When I considered that seeking relief from the outside may be a band-aid, I realized that it could offer the temporary space I needed for clarity.
Sitting in front of my Door Protector, I pondered on the intention I put forth for this year: to experience Divine Light.
I chanted the mantra and then spent time embellishing prints I had sold over the holidays. I went to acupuncture, reflexology and chiropractic and I stretched my sore right heel while tapping.
I had known for quite a while that my symptoms were those of Plantar Fasciitis but I chose to ignore them. I suspected the emotional connection and ignored that too.
Now I could no longer do so.
The fibrous tissue that connects the heel bone to the toes and supports the arch of the foot is a ligament called fascia. It is the feet’s “shock absorber” that holds all the parts together and keeps them strong and functioning optimally. If we strain our plantar fascia, this ligament gets weak, swollen and inflamed, causing the heel or the bottom of the foot to hurt when standing or walking.
Michael J. Lincoln Ph.D., a pioneer in the field of healing emotional wounds by integrating behavioral and psychoanalytic approaches has done extensive research on the role of emotions in physical trauma. In his seminal book, Messages from the Body, Dr Lincoln describes life situations that correlate with the symptomatology of Plantar Fasciitis.
For example, when we become the shock absorber for anybody else’s pain, or when we feel responsible for keeping things together at home or at work, we are often tired, burdened and our calves’ muscles contract. When we don’t feel supported or valued, or when we feel frustrated and stuck in a relationship or life situation; the ligament in the feet, the mechanism that supports us gets tight, causing tiny tears that lead to pain and swelling.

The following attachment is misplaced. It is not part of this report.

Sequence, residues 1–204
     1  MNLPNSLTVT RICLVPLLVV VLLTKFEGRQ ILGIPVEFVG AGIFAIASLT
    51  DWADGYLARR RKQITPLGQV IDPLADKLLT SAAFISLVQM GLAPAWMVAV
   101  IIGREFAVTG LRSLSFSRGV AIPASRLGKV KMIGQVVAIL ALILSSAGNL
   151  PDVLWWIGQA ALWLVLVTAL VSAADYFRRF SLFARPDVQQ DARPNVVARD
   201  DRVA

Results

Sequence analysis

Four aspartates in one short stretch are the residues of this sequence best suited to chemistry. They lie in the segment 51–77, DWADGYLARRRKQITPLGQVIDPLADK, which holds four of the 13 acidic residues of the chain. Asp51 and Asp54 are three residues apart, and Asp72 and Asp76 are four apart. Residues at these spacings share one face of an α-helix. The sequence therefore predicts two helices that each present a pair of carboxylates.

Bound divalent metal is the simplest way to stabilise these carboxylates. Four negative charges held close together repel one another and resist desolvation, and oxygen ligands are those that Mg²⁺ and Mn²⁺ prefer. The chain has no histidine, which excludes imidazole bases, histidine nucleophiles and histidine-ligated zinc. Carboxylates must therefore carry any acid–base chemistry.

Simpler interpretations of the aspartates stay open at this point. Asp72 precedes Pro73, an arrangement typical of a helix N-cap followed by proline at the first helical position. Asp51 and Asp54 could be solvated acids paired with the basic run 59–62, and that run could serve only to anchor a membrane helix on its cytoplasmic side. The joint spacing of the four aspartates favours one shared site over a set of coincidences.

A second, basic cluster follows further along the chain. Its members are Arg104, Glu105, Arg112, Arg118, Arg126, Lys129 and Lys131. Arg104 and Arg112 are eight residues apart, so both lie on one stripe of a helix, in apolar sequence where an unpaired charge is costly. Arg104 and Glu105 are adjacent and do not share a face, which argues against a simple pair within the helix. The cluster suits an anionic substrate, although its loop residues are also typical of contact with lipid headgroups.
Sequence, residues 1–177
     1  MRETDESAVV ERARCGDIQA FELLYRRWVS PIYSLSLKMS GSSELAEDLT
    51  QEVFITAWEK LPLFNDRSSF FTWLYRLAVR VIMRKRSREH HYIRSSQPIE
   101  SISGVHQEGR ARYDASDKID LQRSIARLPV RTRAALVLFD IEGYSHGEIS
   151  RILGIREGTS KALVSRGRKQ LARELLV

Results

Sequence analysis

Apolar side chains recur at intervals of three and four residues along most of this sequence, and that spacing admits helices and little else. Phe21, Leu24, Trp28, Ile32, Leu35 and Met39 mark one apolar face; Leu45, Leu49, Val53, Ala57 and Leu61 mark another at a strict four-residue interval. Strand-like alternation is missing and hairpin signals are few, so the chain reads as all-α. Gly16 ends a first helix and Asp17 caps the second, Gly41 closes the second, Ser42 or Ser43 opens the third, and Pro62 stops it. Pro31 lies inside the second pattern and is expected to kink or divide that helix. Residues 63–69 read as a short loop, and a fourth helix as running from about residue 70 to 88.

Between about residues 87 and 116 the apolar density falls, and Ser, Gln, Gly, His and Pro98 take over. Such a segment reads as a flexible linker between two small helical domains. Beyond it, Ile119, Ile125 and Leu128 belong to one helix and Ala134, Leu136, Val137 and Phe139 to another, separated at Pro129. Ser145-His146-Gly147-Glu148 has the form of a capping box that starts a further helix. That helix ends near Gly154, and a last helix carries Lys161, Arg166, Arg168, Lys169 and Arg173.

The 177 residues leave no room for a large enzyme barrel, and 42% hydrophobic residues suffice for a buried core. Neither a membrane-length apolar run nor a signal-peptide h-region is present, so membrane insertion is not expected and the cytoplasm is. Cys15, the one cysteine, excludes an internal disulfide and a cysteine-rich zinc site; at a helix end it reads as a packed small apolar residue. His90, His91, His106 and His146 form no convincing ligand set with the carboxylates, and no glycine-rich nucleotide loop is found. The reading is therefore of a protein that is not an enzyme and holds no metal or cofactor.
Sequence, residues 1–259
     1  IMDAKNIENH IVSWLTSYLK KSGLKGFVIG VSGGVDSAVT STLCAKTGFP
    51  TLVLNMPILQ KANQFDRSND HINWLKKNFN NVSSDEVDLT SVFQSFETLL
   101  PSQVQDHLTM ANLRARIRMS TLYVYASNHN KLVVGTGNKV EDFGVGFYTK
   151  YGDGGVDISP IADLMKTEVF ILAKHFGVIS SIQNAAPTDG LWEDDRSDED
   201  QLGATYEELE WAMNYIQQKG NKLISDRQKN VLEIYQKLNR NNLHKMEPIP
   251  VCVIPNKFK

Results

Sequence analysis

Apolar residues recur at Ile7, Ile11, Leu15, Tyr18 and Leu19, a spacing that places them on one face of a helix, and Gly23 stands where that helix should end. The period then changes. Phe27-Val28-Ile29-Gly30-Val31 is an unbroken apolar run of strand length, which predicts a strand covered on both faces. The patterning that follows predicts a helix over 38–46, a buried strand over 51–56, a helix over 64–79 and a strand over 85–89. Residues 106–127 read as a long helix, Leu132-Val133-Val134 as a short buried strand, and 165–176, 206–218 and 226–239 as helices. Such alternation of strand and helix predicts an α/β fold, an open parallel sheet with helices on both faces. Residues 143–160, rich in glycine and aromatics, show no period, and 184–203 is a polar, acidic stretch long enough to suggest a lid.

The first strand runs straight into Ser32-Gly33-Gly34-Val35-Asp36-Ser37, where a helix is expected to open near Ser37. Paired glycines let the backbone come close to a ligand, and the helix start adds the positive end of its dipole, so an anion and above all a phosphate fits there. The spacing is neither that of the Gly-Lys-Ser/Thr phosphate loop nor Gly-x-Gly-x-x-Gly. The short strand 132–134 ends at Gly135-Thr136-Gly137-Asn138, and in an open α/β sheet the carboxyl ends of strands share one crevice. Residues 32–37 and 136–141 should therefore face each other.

“The emotional component of plantar fasciitis in the right foot involves having deep conflicts over how to get support, as well as concerns about relationships and commitment. For the left foot, it’s about being handicapped with vulnerability issues, unwilling to receive support, and refusing to allow others to be caretakers”, says RN and Guided Imagery Practitioner, Maureen Minnehan Jones.
I knew that I long experienced frustration and alienation with some very important relationships. I often feel stuck so I push the pain of helplessness deep inside where it burrows and seethes. Thus I had no trouble seeing that my feet, which in Feng Shui knowledge correspond to the energy of family and ancestry, were offering me a chance to revisit how I think about my role in these liaisons and change my mind pattern to one that allows for receiving support, assistance and encouragement from all kinds of people and situations, including self-love and forgiveness.
What better way to start changing these particular malfunctioning mind patterns than experiencing Divine Light?
Last weekend I entered the studio for the first time since I slipped on black ice and sustained a concussion in late December. I meditated, I chanted, I cleaned surfaces, vacuumed the floor and organized materials and then, I unwrapped a new canvas.